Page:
Enquiry about object: 8977
Rare Nepalese Tantric Gilded Bronze of Samvara & his Consort Vajravilasini
Nepal 13th-14th century
height: 18.6cm, width: 14.7cm, depth: 7.4cm, weight: 1,003g
private collection, UK
– scroll down to see further images –
In this superb, early gilded Nepalese bronze, Samvara (or Demchog in Tibetan, which means ‘great bliss’) and his consort Vajravilasini (Vajravahari) are depicted in close embrace. This tantric group is well modelled and exhibits finely modelled features; it is among a tiny group of such examples of early Nepalese art.
Early Nepalese examples of this type of tantric art are rare. Most are much later Tibetan examples. Indeed, the Hindu tantric art of Nepal is a rare and little understood type of sculpture compared with Buddhist tantras which are much better known. Buddhist tantric art tended to spread across the Buddhist world, whereas Hindu tantric art tended to stay in Nepal and so relatively few examples were produced as a consequence. Clients for such bronzes would have been restricted to a a small Hindu elite of royalty and priests largely confined to the Kathmandu Valley.
The four-headed form of Samvara dances in ardhaparyankasana and in ecstasy as he copulates with his consort, Vajravilasini. As he does, he tramples on two deities who lay beneath his feet – one (a four-armed Bhairava) lays prostrate with a foot distinctively placed on his rearing head; the other (a four-armed Kalaratri) lays on her back with a foot on his chest. He has twelve arms – the primary arms are in abhaya and varada mudras. The other ten radiate around him and hold a host of attributes including a bunch of decapitated heads, a skull cup, and so on. Vajravilasini has her right leg wrapped around Samvara’s waist. She holds attributes in her two hands.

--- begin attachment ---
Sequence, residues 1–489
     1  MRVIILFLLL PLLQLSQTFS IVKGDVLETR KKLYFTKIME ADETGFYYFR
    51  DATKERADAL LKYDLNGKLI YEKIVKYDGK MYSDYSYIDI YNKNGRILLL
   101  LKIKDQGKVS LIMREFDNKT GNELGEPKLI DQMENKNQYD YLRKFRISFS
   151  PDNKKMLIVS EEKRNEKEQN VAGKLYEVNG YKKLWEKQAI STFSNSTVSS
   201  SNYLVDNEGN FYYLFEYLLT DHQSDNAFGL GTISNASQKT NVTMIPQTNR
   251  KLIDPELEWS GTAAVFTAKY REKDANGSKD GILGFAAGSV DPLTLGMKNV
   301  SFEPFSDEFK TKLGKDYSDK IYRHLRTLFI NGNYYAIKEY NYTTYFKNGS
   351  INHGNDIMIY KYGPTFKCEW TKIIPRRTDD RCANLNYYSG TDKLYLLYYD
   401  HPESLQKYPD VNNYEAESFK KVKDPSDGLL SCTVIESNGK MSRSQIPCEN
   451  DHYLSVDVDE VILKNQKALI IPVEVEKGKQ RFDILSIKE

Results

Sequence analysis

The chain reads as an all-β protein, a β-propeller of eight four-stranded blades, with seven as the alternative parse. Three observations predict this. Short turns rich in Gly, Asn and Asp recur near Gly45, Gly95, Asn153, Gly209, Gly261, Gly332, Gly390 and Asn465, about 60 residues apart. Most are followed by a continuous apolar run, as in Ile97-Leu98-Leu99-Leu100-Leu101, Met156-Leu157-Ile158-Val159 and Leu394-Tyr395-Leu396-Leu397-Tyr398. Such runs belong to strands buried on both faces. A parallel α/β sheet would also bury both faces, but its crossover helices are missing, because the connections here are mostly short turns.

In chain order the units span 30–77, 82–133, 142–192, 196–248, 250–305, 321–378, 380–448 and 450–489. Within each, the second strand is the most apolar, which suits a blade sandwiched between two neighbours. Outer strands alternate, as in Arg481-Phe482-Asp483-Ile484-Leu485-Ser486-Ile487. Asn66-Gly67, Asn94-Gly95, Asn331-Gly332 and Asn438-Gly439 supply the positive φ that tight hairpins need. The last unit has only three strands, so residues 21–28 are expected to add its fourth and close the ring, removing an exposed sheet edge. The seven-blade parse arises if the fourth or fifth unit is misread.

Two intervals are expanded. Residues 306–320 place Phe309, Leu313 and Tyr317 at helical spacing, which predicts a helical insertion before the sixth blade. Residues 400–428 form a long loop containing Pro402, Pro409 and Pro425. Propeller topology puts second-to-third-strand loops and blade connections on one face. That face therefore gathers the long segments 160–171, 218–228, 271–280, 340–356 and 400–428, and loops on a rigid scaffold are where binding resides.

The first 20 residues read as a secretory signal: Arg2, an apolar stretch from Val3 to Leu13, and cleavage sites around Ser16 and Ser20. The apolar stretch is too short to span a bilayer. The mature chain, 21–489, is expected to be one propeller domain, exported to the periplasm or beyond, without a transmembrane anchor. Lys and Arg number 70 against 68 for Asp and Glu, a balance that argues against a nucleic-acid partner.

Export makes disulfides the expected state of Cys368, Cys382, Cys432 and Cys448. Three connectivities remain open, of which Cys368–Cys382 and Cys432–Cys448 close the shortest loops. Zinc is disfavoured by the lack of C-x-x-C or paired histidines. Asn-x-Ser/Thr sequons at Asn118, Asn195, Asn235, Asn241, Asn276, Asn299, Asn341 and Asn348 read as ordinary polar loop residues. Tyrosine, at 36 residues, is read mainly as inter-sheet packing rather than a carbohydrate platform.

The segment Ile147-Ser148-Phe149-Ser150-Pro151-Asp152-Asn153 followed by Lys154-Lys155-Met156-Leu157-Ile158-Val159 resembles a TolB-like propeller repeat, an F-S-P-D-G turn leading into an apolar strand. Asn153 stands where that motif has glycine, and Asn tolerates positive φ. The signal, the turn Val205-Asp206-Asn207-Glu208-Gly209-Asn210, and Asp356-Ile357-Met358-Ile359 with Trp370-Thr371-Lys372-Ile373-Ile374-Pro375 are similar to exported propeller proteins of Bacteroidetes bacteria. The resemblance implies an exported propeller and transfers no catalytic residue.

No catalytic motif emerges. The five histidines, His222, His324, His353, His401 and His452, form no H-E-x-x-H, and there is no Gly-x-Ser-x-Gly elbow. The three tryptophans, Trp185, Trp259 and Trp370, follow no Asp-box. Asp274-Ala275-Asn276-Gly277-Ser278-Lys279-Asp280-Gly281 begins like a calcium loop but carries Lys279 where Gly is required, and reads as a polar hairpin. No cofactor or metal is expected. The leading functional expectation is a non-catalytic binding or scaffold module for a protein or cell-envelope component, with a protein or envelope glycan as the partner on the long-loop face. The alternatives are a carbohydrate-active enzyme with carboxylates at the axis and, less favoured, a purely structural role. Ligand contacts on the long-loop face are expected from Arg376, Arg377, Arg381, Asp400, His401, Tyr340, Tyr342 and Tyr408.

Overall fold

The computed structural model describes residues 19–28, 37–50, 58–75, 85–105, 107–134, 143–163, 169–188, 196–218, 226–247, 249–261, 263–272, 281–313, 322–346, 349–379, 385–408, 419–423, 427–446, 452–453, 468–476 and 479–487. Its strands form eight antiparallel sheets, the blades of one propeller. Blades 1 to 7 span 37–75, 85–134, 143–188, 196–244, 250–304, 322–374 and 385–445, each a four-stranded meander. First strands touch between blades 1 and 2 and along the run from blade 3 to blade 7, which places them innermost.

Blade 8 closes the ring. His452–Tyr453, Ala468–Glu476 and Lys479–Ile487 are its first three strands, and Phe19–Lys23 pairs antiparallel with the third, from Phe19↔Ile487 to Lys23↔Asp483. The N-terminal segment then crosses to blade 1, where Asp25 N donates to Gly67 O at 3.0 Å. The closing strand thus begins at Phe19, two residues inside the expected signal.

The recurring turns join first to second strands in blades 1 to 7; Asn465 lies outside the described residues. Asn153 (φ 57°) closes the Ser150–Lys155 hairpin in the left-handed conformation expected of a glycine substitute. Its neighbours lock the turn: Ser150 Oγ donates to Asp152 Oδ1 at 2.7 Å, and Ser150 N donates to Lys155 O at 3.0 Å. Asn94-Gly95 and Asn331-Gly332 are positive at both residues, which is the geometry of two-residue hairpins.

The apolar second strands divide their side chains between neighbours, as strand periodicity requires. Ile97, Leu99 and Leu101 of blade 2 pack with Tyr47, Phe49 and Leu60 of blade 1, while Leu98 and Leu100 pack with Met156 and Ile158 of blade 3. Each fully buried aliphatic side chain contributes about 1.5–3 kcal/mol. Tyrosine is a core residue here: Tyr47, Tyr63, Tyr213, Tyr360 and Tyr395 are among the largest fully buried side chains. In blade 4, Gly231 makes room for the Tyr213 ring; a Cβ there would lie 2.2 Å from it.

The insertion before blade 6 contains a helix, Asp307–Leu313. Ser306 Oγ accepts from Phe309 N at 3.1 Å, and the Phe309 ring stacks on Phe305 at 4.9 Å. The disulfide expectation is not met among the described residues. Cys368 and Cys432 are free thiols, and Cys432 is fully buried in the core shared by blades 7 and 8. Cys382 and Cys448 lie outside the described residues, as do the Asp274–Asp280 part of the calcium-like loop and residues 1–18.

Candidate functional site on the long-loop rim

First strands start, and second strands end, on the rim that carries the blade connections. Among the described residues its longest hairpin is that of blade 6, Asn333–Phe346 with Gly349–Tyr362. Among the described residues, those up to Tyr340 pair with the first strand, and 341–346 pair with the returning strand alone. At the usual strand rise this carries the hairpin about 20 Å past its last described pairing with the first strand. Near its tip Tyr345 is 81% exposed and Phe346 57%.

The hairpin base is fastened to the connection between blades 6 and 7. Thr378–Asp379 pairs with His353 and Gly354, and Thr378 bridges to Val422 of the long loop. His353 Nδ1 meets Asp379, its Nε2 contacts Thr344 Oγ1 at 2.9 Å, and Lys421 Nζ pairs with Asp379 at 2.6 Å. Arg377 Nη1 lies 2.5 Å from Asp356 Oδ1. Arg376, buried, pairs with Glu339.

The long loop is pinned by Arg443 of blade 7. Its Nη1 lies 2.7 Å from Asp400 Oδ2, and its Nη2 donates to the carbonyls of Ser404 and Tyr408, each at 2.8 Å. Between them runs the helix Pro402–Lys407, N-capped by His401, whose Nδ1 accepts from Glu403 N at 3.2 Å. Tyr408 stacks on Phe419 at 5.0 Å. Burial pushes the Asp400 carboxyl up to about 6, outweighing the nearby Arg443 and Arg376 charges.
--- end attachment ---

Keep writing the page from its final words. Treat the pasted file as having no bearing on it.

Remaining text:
Each face of Samvara, though wrathful, is gentle in character, and the principle face gazes directly into Vajravilasini’s face. The gentler depiction is a contrast with (later) Tibetan versions in which the faces tend to be shown grimacing and evoking fear.
An elaborate skull and bone apron falls between the pair’s legs.
The arms are well cast and well positioned – they radiate quite evenly.
The shins of Vajravilasini are inset with a blue and a red cabochon stone respectively.
A related image of similar age, but smaller, is illustrated in Heller (2008, p. 65).
The image he has been attached to a later (but still probably 15th century) double lotus base. The underside is engraved with a double vajra motif and the consecration for this is intact.
This attachment to a separate base is usual for similar Nepalese bronzes of this period, or indeed, there is no base at all (as in the case of the example illustrated in Heller (2008).
This is an excellent bronze, and rare given its early Nepalese provenance.
Heller, A., Early Himalayan Art, Ashmolean Museum, 2008.
Pal, P., Art of the Himalayas: Treasures from Nepal and Tibet, Hudson Hills Press, 1991.
Pal, P., Desire and Devotion: Art from India, Nepal, and Tibet in the John and Berthe Ford Collection, Philip Wilson Publishers, 2001.
Pal, P., Himalayas: An Aesthetic Adventure, The Art Institute of Chicago, 2004.